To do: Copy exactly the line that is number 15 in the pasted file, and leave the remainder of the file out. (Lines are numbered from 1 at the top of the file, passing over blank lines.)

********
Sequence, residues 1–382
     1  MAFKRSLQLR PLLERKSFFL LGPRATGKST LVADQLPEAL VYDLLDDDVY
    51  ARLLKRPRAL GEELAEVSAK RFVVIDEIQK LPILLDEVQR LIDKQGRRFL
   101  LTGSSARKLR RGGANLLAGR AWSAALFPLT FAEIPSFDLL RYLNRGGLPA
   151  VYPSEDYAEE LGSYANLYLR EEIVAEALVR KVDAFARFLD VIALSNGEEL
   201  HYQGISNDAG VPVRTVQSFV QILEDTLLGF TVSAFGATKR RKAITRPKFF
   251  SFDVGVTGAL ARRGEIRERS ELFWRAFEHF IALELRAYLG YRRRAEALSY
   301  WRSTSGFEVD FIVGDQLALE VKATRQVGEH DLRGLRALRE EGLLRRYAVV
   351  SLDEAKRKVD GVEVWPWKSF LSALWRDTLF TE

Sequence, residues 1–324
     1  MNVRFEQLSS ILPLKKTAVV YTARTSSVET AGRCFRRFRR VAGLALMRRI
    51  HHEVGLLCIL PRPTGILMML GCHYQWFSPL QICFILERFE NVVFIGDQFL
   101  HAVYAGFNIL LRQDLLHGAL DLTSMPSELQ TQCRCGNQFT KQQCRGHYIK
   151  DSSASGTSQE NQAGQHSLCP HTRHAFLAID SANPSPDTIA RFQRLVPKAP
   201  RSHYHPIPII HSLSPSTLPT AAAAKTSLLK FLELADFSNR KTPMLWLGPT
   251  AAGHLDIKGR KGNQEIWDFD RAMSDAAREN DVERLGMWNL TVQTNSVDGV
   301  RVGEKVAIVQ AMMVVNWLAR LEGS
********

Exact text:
   201  RSHYHPIPII HSLSPSTLPT AAAAKTSLLK FLELADFSNR KTPMLWLGPT